How did Ryder crater end up in this shape?
Image Credit: NASA/GSFC/Arizona State University
Published: April 7, 2021
Ryder crater is oblong (13 x 17 km), with a distinctive slump on its eastern side, and is located in the South Pole–Aitken (SPA) Basin, which is the largest (roughly 2,500 km in diameter) and possibly oldest (estimated age of 4.3 billion years) basin on the Moon.
Because of its odd shape, some question whether Ryder is two craters or one. This distinctive landform could have formed when an impactor struck the surface at a grazing angle (<15° from the horizon), or when an asteroid split in two just before impact. However, there is another factor at play here: Ryder crater formed on a steep ridge, and this kind of uneven terrain is often responsible for asymmetric craters.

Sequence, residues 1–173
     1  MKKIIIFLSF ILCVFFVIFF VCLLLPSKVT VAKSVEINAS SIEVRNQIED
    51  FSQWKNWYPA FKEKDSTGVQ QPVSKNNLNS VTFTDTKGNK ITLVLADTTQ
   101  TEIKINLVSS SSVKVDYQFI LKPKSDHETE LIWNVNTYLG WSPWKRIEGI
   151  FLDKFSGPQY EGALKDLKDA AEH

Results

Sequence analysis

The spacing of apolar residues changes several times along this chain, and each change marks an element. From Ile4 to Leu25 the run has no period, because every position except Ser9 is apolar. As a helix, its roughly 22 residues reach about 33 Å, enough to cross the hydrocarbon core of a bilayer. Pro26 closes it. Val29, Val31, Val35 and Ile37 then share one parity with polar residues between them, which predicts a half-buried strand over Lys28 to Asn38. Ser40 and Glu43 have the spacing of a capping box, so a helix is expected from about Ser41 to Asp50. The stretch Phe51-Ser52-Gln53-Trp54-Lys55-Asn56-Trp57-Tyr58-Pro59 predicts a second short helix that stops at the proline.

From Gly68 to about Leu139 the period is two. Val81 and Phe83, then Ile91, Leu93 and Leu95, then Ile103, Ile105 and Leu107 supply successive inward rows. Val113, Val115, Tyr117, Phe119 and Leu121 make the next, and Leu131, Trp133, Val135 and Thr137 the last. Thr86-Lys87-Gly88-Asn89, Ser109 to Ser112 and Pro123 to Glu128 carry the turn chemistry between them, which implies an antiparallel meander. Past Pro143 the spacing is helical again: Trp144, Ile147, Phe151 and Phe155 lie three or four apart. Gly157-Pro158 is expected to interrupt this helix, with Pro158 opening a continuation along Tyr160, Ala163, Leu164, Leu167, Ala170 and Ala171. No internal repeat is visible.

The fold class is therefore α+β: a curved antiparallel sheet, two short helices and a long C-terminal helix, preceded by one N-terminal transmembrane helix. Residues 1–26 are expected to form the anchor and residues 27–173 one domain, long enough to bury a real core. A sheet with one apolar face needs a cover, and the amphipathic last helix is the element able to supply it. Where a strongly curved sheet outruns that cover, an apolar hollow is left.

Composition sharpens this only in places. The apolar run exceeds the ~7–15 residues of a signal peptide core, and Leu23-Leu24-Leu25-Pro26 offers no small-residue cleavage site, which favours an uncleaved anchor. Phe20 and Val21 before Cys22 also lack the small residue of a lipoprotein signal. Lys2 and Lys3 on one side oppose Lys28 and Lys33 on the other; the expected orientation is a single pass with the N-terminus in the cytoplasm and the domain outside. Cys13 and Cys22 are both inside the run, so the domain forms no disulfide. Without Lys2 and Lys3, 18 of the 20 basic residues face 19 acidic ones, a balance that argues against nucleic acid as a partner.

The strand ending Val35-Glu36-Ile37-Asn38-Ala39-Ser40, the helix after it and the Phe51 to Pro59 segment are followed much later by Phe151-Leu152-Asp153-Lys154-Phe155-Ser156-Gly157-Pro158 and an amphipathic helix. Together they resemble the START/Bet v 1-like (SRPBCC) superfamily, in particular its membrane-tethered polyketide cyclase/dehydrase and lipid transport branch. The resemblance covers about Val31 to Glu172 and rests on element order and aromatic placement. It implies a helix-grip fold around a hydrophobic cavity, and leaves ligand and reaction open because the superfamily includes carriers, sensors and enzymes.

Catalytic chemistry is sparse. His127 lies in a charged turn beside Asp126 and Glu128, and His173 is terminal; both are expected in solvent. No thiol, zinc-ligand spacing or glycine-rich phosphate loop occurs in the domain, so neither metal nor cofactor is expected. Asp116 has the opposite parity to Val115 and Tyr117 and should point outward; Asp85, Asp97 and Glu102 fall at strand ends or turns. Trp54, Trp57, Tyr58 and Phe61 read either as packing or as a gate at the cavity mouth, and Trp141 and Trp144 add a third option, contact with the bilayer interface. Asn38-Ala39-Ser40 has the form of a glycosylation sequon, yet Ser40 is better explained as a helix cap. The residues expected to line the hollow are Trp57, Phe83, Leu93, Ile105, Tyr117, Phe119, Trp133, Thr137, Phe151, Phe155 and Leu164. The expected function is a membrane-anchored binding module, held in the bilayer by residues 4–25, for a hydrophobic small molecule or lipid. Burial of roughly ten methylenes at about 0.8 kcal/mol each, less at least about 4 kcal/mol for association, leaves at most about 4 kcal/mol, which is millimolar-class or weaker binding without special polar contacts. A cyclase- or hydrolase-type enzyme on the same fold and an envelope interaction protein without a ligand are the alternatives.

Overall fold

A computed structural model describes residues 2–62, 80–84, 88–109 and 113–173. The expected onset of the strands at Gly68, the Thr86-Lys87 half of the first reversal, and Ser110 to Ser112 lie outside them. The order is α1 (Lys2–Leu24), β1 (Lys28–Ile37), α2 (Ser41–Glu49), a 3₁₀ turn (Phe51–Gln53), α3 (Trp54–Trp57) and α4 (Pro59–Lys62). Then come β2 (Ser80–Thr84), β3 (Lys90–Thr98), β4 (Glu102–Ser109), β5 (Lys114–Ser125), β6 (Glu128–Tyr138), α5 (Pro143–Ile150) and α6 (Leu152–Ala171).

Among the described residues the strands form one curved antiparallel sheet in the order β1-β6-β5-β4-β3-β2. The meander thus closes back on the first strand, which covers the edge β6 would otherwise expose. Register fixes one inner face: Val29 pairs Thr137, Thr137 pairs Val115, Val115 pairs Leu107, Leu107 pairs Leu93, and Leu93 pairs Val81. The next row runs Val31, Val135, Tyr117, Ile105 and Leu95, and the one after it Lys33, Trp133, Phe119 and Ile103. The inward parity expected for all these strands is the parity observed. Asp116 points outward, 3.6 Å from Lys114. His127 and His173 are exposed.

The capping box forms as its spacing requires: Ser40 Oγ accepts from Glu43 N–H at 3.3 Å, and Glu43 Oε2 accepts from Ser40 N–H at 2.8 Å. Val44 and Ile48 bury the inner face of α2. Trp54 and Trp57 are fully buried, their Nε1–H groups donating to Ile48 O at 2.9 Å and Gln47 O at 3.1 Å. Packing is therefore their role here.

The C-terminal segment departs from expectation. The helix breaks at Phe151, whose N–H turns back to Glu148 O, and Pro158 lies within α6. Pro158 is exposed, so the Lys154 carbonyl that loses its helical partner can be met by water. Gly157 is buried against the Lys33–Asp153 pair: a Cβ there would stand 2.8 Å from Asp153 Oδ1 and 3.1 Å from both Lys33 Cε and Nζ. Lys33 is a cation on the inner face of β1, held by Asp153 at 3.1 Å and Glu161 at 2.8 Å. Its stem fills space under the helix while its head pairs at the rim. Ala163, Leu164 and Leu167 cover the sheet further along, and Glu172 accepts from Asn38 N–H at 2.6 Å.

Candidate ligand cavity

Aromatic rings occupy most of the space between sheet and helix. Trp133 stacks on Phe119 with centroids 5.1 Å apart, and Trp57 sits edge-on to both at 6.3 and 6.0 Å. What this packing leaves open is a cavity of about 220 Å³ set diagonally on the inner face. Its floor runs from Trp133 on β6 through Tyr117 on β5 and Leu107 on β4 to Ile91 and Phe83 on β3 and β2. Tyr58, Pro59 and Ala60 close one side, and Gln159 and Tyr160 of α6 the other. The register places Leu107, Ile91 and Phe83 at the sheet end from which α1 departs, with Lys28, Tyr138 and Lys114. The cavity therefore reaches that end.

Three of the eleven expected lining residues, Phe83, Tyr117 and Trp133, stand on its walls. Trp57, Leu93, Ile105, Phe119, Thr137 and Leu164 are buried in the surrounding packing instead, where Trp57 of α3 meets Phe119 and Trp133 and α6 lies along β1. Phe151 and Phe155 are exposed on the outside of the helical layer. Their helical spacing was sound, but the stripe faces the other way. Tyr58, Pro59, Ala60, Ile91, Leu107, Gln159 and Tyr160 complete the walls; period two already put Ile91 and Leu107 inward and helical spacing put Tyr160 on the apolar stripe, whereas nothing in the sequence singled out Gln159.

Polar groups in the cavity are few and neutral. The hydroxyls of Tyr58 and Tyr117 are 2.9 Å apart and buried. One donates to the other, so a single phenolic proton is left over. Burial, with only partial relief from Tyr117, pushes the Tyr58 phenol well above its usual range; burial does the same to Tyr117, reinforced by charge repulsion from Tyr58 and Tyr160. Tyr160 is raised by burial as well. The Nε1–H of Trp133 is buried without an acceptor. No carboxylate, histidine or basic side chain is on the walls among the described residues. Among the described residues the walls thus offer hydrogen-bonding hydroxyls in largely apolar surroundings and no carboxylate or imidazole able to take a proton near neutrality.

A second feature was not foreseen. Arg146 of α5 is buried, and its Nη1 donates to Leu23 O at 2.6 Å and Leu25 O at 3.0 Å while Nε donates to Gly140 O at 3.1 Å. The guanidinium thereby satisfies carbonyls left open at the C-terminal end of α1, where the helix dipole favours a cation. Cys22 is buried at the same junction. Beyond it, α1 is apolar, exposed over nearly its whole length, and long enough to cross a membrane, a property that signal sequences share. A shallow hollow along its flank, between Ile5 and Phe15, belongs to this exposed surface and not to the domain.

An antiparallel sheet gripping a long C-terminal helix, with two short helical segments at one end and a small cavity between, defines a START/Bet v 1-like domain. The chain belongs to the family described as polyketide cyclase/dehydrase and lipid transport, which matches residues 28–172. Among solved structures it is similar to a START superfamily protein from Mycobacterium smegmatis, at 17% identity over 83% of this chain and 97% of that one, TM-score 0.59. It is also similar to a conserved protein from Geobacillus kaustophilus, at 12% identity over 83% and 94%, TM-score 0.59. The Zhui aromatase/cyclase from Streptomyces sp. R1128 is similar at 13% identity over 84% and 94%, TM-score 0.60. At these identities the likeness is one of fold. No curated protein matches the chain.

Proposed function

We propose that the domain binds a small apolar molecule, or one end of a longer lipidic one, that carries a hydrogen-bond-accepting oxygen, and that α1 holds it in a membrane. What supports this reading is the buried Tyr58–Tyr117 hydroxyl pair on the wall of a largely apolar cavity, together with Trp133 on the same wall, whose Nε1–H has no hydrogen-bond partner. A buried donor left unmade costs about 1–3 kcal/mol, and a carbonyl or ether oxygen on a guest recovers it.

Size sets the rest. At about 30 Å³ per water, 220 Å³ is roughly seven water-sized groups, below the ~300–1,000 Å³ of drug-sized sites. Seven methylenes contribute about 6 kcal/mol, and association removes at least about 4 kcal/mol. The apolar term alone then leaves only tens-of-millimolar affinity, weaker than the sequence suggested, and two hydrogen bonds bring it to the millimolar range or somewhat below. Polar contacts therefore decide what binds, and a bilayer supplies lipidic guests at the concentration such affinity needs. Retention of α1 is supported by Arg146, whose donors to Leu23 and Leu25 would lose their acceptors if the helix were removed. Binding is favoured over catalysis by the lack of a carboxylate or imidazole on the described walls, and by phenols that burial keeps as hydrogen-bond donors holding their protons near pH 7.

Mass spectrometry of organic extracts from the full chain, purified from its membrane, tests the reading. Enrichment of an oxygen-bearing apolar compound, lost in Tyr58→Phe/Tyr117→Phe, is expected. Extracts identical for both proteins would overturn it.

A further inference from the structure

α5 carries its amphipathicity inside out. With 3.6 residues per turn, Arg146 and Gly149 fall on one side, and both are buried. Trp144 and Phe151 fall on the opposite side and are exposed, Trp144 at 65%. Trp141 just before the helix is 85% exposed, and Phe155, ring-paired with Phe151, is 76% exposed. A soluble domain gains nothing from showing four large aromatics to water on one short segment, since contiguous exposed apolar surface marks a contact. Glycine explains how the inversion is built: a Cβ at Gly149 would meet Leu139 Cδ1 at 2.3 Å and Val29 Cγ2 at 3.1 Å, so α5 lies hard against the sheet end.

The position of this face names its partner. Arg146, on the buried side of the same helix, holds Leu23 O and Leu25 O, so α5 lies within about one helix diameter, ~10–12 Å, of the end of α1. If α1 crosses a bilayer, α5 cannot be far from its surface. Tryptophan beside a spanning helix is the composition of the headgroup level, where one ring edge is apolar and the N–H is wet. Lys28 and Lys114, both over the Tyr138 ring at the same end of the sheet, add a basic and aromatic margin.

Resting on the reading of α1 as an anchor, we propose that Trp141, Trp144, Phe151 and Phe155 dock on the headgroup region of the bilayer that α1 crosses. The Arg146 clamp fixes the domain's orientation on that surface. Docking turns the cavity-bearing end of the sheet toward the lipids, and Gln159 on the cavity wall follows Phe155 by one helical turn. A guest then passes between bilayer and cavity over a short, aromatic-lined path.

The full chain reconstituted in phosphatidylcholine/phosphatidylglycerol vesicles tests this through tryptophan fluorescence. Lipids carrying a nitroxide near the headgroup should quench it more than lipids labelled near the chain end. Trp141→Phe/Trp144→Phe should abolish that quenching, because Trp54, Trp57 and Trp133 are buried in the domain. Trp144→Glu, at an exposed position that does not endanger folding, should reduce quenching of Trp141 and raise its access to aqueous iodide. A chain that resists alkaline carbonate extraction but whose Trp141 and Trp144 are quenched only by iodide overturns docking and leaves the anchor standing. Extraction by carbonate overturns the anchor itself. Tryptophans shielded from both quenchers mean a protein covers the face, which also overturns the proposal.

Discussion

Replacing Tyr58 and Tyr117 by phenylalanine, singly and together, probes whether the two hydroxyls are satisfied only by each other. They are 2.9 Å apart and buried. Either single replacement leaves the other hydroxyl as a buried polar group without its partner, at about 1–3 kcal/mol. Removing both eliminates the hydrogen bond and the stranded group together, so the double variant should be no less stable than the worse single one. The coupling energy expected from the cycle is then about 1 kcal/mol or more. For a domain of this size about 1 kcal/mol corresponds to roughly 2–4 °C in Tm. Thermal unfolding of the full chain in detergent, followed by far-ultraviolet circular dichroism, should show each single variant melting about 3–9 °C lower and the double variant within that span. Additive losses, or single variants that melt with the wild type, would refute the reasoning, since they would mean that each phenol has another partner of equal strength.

Learn more: http://lroc.sese.asu.edu/posts/503